Tulsa Becomes Indiana Jones Adventures

This past weekend,’s Tulsa campus sermon branded their church facilities to promote their annual summer sermon series “At the Movies.” They themed their facilities after the Indiana Jones adventures.

As guests approach the church, a military vehicle with ammo crates appears to have “broken” through a mural spray painted by a local graffiti artist. Tulsa At the Movies 2008

The church entrance is converted into a cobweb covered cave. Tulsa At the Movies 2008

Above the cave is a giant rolling boulder like the one featured in Raiders of the Lost Ark. Tulsa At the Movies 2008

One corner of the lobby has a jungle waterfall. Tulsa At the Movies 2008

Another corner has the Ark of the Covenant nestled among military crates as seen at the beginning of The Kingdom of the Crystal Skull. Tulsa At the Movies 2008

And a third corner has converted a coffee bar into a foreign marketplace. Tulsa At the Movies 2008

A mine cart with Short Round from The Temple of Doom sits over the other lobby entrance. Tulsa At the Movies 2008

Between the auditorium doors rests a large “stone” skull that breathes fog. Tulsa At the Movies 2008

The auditorium did not continue the Indiana Jones theme, but some extra lights were added for the sermon series. Tulsa At the Movies 2008 Tulsa staff and volunteers spent four days creating the Indiana Jones environment. And churchgoers are encouraged to invite their friends to come enjoy the fun. Each year “At the Movies” proves to be an effective outreach series for

Cornerstone Community Church Revolutionizes Church Facilities

Cornerstone Community Church (Simi Valley, CA) has been maxing out their facility for the past seven years. Obviously, the solution is more property and a bigger building. But the leadership at Cornerstone Community Church did not feel peace about spending $50 million to $60 million (California is expensive) going the traditional route. They asked themselves:

Would God rather we spend the money in other ways?

What about helping the world’s poor and suffering? What about serving our local community? How can we create a Biblical community that ministers through their actions?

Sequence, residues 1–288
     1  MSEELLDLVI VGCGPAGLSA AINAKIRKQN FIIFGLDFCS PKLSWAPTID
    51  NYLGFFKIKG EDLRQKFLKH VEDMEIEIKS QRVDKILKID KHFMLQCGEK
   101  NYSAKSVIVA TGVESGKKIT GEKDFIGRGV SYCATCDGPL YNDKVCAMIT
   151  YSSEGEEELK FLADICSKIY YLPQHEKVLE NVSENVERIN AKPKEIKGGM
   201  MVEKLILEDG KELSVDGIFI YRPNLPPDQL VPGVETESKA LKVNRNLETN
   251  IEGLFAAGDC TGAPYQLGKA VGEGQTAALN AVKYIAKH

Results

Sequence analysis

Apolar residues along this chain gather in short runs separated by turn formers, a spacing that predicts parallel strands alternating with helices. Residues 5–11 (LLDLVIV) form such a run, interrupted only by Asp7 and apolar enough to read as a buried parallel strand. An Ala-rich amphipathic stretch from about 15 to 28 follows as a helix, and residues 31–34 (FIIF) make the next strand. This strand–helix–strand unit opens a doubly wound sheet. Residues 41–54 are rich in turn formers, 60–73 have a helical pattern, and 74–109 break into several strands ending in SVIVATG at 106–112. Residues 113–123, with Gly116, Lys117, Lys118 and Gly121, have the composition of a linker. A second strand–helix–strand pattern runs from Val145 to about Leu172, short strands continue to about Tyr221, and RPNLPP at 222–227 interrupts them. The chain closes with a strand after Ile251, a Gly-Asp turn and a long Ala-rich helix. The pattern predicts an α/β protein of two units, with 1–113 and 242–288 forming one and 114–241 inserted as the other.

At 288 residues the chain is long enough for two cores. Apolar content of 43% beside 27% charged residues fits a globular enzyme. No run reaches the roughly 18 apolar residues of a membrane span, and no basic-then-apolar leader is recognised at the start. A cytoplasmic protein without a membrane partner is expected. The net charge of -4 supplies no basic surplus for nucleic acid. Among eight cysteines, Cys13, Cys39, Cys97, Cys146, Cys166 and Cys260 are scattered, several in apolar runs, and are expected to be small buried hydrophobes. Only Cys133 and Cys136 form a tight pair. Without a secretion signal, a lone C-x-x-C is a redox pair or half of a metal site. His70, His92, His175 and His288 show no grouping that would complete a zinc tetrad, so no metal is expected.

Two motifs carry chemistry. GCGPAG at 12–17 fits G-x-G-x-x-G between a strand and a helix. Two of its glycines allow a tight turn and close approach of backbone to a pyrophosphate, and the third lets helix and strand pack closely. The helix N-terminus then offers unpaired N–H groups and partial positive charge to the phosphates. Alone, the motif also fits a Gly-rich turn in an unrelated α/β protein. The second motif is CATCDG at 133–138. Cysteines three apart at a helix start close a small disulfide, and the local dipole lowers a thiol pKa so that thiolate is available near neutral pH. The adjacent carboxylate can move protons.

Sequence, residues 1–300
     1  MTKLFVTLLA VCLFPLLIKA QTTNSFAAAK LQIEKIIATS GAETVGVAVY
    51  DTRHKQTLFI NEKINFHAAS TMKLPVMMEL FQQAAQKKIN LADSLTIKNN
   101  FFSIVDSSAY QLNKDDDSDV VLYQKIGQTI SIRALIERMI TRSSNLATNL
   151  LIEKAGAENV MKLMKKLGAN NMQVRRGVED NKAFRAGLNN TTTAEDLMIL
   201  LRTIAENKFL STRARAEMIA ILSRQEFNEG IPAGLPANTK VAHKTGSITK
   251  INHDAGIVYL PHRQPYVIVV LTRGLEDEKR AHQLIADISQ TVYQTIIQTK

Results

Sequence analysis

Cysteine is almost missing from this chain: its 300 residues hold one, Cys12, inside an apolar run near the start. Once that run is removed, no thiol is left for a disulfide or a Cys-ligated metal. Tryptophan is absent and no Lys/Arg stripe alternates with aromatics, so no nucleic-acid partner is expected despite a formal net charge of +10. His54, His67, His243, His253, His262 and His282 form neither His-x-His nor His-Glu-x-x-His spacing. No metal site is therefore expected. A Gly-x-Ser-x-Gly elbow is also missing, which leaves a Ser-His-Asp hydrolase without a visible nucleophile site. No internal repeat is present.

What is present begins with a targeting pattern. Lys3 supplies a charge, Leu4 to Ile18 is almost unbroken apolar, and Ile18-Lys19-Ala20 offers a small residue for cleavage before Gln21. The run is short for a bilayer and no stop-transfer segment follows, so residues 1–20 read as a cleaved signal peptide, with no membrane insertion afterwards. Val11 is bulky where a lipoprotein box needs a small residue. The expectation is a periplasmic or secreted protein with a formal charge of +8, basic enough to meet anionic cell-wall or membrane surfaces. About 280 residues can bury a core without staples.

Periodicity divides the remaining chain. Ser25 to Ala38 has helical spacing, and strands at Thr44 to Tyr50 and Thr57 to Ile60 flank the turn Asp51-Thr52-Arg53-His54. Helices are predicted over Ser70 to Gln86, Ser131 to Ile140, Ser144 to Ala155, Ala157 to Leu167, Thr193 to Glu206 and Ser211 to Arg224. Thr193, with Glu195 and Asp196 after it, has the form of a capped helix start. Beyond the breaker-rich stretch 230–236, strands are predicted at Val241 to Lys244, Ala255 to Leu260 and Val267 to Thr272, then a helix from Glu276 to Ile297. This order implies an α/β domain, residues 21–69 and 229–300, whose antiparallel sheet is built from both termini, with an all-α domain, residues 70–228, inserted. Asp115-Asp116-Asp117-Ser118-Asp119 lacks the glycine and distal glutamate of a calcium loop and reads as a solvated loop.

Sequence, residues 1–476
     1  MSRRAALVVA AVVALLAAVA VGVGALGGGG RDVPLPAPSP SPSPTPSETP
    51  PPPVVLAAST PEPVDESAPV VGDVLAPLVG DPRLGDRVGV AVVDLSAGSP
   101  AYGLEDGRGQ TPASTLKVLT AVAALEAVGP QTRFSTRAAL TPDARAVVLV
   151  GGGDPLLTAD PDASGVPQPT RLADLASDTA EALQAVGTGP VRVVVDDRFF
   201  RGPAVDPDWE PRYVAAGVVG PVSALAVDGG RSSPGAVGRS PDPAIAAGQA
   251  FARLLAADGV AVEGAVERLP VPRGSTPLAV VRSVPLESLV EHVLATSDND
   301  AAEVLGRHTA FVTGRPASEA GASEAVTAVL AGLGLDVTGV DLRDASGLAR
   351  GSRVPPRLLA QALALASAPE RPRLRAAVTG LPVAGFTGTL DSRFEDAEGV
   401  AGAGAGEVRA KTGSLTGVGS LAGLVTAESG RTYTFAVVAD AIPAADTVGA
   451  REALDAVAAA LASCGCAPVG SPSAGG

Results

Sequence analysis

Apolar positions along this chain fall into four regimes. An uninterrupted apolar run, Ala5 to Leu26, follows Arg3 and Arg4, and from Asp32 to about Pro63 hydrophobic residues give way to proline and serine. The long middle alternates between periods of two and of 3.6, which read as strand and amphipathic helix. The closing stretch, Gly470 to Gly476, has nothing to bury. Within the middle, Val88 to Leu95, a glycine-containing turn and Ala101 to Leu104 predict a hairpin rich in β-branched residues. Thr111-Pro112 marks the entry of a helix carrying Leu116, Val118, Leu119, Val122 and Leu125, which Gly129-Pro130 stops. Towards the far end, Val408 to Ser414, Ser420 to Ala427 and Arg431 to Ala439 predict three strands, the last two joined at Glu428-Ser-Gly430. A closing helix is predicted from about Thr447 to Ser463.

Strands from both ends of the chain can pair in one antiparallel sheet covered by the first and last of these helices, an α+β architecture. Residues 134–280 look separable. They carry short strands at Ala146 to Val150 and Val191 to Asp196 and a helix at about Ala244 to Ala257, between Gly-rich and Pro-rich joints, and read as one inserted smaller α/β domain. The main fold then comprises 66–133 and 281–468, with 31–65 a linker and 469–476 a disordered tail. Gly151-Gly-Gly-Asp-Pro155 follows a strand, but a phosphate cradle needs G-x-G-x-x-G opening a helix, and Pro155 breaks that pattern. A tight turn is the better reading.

The answer to their questions was the Conerstone Tierra Rejada Building Project. It is a church building campaign that saves money and creates a place that prioritizes serving the people outside of their church rather than self-serving their own needs. The project includes:

  • Cornerstone Community Church & Eternity Bible College Facilities
    >> Outdoor Sanctuary (3,000 person capacity)
    >> Gym/Multi-Purpose Building (1,000 person capacity)
    >> Chapel/Multi-Purpose Building (300 person capacity)
    >> Administration Building with Library
    >> Classroom Buildings
    >> Maintenance and Restroom Buildings
  • Children’s Hunger Fund Facilities
    >> Administration Buildings and Learning Center
    >> Warehouse/Packing Buildings
  • Athletic Fields
    >> 3.8 acres of shared-use athletic fields (will encourage local community use)
  • Onsite Wastewater Treatment Facility
    >> Creates tertiary-treated recycled water for irrigation
  • Onsite Parking Facilities
    >> 2,000 parking spaces
    >> Eco-friendly “grass-crete” pavement
  • Open Space
    >> Approximately 58.8 acres of preserved open space
    >> Only 3% of total site developed

To better understand “Why?”

Watch this sermon (click here) by Senior Pastor Francis Chan. And watch the following videos:

Church Leadership Discusses a Need

What Can $20 Million Dollars Do?

I admire their stewardship. Obviously, their church model does not work for every church because God gives each of us a unique calling. However, I think it is an excellent example of how we all should evaluate our ministries within their own unique contexts and search for ways to maximize our stewardship.